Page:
Inspite of all these benefits of a material of amazing properties whats stopping us from actually using it in the above applications? Well the method used by Andre Geim and Konstantin Novoselov produces very less amount of Graphene and it may not be a perfect single layer of Graphene. The various methods of Graphene production are Mechanical Exfoliation (which means using scotch tape and other adhesives to peel of layers from Graphite), Chemical Vapour Deposition (in which we can produce comparatively big sheets of Graphene than exfoliation), Dispersing graphite in a liquid medium can produce graphene by sonication followed by centrifugation, etc. But all these methods produce less amounts of Graphene and new methods are being developed to reduce defects and production costs. As Graphene sheets are very difficult to make it is one of the most expensive materials on the planet as of now.

Production and development of Graphene is a very active field of research in the field of material science and it is said to be the material of the future. There might be other materials not yet discovered maybe similar or better than Graphene we don’t know!


How do solar cells work?

How do solar cells work?

The solar cell is an important candidate for an alternative terrestrial energy source because it can convert sunlight directly to electricity with good conversion efficiency, can provide nearly permanent power at low operating cost, and is virtually non-polluting. Solar cell also called as photovoltaic cell and are building blocks of solar panels. You must have seen these panels (large collection of solar cells) in green energy campaigns and also in developed cities in large arrays. It is used as a primary source of energy in space applications. ISS has large solar panels! Let’s understand the basics of solar cells.


The most commonly known solar cell is configured as a large-area p-n junction made from silicon. p-n junctions of silicon solar cells are made by diffusing an n-type dopant into one side of a p-type wafer (or vice versa). To get an idea about p-n junction click here. Now when light or photon hits the p-n junction it dislodges an electron and creates a hole in its place. Now the dislodged electron and hole are free to move in silicon crystal. Due to the electric field present, the electron moves to the n-type region and hole moves to the p-type region. The mobile electrons created in n-type are collected by thin metal fingers on the top of n-type region. Photons having energy equal to the band gap of silicon crystals are the only ones contributing in cells electrical output. Energy greater than band gap is lost as heat. We might also lose energy if electrons and holes recombine as soon as they are formed. So basically a solar cell works by knocking off electron of same energy as band gap of crystal material used and essentially converting light energy into electrical energy.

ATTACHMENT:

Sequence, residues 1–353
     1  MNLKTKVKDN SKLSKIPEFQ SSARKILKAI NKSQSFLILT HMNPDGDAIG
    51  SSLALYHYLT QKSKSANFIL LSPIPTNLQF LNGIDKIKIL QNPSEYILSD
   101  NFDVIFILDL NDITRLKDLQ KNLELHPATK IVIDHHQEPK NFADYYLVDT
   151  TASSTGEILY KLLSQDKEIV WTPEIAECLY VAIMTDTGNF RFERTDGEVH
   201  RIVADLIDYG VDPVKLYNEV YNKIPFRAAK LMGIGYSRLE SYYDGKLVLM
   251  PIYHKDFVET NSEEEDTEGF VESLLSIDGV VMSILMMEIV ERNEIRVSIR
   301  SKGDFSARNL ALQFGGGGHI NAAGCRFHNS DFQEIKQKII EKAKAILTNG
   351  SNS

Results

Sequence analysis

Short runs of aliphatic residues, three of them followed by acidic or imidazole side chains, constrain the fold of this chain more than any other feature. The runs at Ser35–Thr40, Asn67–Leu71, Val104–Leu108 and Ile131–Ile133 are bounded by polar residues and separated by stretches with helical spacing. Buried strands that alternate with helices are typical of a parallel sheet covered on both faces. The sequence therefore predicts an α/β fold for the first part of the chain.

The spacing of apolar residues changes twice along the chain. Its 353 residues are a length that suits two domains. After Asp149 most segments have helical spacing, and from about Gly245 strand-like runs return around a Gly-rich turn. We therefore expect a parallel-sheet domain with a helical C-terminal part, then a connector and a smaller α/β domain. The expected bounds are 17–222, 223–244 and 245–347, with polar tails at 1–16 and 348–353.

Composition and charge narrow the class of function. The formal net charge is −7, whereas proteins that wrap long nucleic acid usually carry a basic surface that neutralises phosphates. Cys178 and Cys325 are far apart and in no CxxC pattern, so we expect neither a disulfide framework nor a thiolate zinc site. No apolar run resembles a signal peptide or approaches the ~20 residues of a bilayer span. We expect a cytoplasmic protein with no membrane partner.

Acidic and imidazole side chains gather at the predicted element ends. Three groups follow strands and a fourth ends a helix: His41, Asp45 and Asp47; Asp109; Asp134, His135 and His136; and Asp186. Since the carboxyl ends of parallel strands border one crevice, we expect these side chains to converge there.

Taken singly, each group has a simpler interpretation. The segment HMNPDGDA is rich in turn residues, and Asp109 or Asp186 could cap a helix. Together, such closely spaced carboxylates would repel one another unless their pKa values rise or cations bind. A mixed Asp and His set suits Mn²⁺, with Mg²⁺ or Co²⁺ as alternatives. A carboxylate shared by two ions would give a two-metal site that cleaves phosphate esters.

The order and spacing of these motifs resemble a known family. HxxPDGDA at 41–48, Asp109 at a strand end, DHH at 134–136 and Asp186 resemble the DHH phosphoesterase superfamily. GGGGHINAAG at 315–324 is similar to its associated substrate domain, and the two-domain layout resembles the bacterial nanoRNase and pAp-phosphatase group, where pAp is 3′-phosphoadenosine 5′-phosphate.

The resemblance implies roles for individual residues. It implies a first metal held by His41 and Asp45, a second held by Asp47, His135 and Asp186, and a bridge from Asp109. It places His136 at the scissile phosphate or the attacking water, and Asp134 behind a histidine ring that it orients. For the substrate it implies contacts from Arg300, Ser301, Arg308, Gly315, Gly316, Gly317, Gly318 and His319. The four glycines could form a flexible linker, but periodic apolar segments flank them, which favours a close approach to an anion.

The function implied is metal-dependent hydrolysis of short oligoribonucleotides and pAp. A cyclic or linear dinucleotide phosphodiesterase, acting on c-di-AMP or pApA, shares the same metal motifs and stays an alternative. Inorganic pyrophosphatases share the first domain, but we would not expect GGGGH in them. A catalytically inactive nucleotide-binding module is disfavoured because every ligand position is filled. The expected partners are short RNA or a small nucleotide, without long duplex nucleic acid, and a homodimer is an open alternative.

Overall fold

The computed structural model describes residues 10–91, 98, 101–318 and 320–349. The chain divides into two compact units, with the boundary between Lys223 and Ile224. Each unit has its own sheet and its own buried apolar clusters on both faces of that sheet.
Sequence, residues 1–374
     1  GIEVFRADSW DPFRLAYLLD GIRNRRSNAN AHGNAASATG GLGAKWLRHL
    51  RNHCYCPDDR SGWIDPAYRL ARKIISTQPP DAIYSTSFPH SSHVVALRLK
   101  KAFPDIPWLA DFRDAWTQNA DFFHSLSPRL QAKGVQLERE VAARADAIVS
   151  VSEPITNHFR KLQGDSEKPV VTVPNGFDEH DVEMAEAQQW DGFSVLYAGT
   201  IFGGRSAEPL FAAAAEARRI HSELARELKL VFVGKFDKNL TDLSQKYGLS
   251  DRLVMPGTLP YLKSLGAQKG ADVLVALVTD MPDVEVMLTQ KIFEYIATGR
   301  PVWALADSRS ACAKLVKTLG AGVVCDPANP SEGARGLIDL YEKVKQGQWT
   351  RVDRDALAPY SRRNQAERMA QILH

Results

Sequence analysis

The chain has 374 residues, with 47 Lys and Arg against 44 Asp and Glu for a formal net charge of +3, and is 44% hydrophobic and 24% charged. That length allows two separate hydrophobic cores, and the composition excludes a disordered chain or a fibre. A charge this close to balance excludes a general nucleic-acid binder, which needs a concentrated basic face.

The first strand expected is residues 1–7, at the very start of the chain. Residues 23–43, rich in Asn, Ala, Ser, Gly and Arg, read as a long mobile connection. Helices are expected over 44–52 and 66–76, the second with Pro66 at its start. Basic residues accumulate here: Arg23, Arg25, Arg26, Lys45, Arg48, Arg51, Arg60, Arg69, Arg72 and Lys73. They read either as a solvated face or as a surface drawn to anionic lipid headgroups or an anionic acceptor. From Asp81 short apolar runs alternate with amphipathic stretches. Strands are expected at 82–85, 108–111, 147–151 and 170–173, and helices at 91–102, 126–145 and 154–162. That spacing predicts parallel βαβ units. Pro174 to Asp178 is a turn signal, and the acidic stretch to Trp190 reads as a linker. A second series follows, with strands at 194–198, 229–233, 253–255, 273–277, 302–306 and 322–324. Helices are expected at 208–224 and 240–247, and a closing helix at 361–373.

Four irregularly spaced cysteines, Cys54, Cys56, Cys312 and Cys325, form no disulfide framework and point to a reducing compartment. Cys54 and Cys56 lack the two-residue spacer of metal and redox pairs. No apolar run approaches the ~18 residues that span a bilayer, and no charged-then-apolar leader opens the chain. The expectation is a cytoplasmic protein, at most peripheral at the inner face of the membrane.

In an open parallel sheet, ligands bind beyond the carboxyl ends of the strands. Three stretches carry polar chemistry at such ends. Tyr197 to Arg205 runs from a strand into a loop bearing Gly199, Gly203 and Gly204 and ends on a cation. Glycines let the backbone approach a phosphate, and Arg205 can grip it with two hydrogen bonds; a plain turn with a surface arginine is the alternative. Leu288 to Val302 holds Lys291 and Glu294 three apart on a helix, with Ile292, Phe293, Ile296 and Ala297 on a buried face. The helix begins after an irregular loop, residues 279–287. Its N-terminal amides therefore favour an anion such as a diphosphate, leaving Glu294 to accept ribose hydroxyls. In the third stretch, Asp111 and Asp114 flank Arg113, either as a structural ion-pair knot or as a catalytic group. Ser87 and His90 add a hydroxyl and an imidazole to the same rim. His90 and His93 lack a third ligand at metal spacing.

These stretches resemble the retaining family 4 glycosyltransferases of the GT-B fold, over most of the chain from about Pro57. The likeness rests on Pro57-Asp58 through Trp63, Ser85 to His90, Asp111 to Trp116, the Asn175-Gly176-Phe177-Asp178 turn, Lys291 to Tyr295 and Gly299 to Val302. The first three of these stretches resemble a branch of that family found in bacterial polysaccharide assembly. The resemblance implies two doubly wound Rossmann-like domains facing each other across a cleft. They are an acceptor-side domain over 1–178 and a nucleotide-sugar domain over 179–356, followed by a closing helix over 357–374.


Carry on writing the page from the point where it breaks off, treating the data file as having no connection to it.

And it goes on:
Schematic representation of silicon p-n junction Solar cell.


The radiative energy output from the sun derives from a nuclear fusion reaction. In every second, about 6 x 10^11 kg hydrogen is converted to helium, with a net mass loss of about 4 x 10^3 kg. We get a lot of energy from sun and if there is a way to harness this energy what’s stopping us from being completely reliant on solar power? There are various factors at play.

Terrestrially the sunlight is attenuated by clouds and by atmospheric scattering and absorption. Also we don’t receive sunlight during night time and during bad weather conditions. This is something we can’t do anything about. As mentioned above, only the photon having energy equal to band gap contributes in electrical output. Photons having energies other than band gap of semiconductor crystals either reflects back or goes through or the energy is just lost as heat energy. Antireflective coating is done to avoid reflection of photons. To deal with photons of energies other than band gap of that semiconductor crystal there is a different approach.

Spectrum Splitting : 

Spectrum splitting is a very good way of increasing efficiency of solar cells by splitting sunlight into narrow wavelength bands and directing each band to a cell that has a band gap optimally chosen to convert just this wavelength band of light. There is one more way, by simply stacking cell on top of one another with the highest band gap cell at the top which automatically achieves an identical spectral-splitting effect, making this “tandem” cell approach a reasonably practical way of increasing cell efficiency.

This is an area of active research where scientists all over the world are trying to increase the efficiency of solar cells. The most efficient solar cell yet still converts only 46% of solar energy into electricity. And most commercial systems convert only 15-20% of solar energy. Solar energy is a source of green and sustainable energy and probably a candidate for future source of energy.